Do the Heavy Taxes Imposed on Cannabis Encourage the Illicit Market?

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Chief Justice John Marshall famously stated that “the power to tax involves the power to destroy”. This may prove true as heavy taxes get imposed as legalization progresses. Most commodities have a tax included in their products but when there is the same commodity available that is tax-free, who will want to buy the more expensive taxed product? Let’s explore whether taxes will drive consumers to the illicit market instead of towards cannabis dispensaries. This research is vital since one of the main reasons behind legalization is to steer cannabis consumers away from the illegal channels not towards them.

Consumers Pay a Levy on Three Different Taxes

Cannabis tax can be defined as a compulsory contribution to state revenue that is levied by the government on cannabis products. According to Tax Policy Center, individuals unknowingly, or otherwise, pay a levy on three types of cannabis tax which are based on a percentage of the price, the weight of the product, and the potency of the product.

  • Tax as a Percentage of Price

This type of tax is similar to retail sales tax and can be explained as a percentage of the product price being remit to the state. This tax type is often included in the final sale price for consumers.

  • Tax Based on Weight of the Product

This type of tax is similar to the tax imposed on cigarettes, with the difference being that one is not being taxed per box of cigarettes but rather based on the weight of the cannabis product. For example, California taxes $9.65 per ounce on flower, $2.83 per ounce on leaves, and $1.35 per ounce on fresh plant material.

  • Tax Based on Potency of the Product

This type of tax is similar to the tax imposed on alcohol with the difference being that consumers are not being taxed on the percentage of alcohol but rather on the percentage of tetrahydrocannabinol (THC) in the product. Illinois is the only state with THC-based tax and charges as follows: 35% or less of THC taxed at 10% of the retail price, while THC content exceeding 35% is taxed at 25% of the retail price.

How is Cannabis Tax Revenue Utilized?

Data from Tax Policy Center states that the revenue collected from cannabis tax is used as follows:

  • Alaska uses half of the revenue in its general fund while using the other half to support programs aimed at reducing repeat criminal offenses.
  • California uses the revenue to pay for administrative costs associated with cannabis legalization and then uses the excess to support programs related to drug use.
  • Colorado uses the revenue to support education programs.
  • Illinois uses the revenue to pay for administrative costs associated with cannabis legalization with the remaining revenue being split between the general fund and programs supporting criminal justice.
  • Massachusetts uses the revenue to pay for a variety of public safety programs.
  • Nevada uses the revenue to pay for education programs and the “rainy-day” fund.
  • Oregon uses the revenue to pay for education programs along with initiatives for drug prevention and treatment programs.
  • Washington uses the revenue to pay for health care programs.

But Will All of These Cannabis Taxes Drive Consumers to the Illicit Market?

Taxes are definitely encouraging the use of illegal markets in many areas where cannabis is legal and will continue to do so unless something changes. The problem with imposing cannabis taxes is that the legal market is selling a commodity that has already been available through illicit channels for more years than cannabis has been legalized and decriminalized. As mentioned before, displacing the illegal market is one of the main goals for legalizing cannabis. However, the tax structures proposed and currently being implemented accomplish the opposite since they drive up the price for cannabis products significantly.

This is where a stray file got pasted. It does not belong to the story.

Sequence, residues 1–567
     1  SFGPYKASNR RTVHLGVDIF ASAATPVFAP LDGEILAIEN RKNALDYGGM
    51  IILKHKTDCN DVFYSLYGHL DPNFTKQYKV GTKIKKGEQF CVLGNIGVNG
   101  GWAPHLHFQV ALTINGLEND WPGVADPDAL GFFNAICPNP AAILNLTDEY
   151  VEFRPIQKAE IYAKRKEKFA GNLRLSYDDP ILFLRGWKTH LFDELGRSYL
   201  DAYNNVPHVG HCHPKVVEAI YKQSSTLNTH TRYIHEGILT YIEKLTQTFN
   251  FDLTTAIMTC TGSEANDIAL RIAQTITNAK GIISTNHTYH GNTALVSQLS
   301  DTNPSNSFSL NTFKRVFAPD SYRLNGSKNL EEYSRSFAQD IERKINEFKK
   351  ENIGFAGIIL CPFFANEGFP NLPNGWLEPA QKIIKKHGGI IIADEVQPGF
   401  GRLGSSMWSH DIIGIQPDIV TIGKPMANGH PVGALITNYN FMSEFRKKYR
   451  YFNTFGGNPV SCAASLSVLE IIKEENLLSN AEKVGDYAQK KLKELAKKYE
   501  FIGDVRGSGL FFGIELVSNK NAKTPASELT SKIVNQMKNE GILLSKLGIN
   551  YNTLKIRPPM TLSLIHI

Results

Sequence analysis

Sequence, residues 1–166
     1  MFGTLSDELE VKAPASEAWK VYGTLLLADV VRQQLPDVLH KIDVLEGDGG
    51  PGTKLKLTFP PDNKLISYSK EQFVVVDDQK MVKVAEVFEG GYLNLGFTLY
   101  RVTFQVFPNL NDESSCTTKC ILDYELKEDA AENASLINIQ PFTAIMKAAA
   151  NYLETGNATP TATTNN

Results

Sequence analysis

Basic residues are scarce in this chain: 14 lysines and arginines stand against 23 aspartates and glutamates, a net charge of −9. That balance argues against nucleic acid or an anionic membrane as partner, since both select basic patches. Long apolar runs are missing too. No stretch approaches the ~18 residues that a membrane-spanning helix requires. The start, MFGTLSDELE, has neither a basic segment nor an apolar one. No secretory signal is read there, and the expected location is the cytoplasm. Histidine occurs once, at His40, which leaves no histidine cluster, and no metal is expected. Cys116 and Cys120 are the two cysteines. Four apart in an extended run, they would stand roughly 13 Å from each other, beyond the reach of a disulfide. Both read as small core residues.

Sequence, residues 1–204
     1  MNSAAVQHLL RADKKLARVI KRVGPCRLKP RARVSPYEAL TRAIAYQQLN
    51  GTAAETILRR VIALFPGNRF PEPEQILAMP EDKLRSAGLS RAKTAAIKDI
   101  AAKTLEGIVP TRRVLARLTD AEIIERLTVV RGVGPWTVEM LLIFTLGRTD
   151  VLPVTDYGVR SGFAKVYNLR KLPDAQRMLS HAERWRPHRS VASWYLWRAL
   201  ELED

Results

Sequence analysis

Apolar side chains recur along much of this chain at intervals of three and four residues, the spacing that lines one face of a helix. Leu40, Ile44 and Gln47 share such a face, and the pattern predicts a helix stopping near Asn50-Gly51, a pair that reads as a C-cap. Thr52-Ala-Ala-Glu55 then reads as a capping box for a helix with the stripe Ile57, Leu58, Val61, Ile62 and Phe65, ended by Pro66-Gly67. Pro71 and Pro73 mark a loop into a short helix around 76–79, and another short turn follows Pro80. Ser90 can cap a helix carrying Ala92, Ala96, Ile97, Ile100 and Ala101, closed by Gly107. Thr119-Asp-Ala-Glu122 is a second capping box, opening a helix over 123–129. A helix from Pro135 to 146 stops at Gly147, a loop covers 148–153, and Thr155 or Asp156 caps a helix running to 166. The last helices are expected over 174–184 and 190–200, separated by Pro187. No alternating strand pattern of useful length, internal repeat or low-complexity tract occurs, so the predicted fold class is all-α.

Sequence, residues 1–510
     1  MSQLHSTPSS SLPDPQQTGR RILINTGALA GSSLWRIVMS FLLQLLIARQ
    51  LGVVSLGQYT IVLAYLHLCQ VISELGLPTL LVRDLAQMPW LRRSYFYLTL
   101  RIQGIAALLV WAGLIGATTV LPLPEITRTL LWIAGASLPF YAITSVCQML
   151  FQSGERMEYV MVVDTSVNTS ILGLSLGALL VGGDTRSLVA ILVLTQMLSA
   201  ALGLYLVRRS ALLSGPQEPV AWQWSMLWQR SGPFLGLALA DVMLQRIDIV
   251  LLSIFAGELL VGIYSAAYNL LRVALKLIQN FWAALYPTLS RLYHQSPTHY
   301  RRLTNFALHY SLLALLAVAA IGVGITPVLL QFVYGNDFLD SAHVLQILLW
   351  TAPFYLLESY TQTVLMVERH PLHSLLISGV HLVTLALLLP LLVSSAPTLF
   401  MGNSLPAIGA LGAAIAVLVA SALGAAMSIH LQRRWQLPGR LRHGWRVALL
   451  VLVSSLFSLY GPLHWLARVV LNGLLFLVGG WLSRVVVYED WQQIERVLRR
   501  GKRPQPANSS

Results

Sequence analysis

Despite the legalization of cannabis, many consumers who may have tried to become dedicated patrons of the legal market ultimately chose to continue purchasing from the illicit market. One may suggest that the increase in expense associated with the legal market has something to do with that.

When we consider that consumers are expected to pay, for example, $9.25 tax per ounce, 15% retail tax rates, and 9% retail sales tax, the overall cannabis price comes up to around 77% more expensive than the cannabis available on the illegal market. Many people turn to cannabis because it is effective, easily accessible, and far more inexpensive than pharmaceutical medications. The legal cannabis market is missing its mark if consumers still have to turn to the illicit market for inexpensive products due to hefty tax impositions.

Cannabis tax revenue may be honorably spent on social measures intended to bring justice to disparity, but what value do these intentions have if they only continue to support illegal channels?

Forbes offered up insight by stating that “cannabis tax is a good way to identify bad actors, address the illegal market and bring in additional revenue”. These taxes may be bringing in additional revenue for the governing bodies but if they desire to attract more cannabis consumers to the legal market, they will need to restructure or revise the current tax policies for cannabis in order to maintain the inexpensive nature of cannabis for consumers. Additionally, the hefty tax on cannabis does not address the illegal market, as Forbes stated, which can be examined by the lack of interest in the legal markets and by the continued use of illicit markets for inexpensive cannabis.

“We contend that for a nation to try to tax itself into prosperity is like a man standing in a bucket and trying to lift himself up by the handle” -Winston S. Churchill

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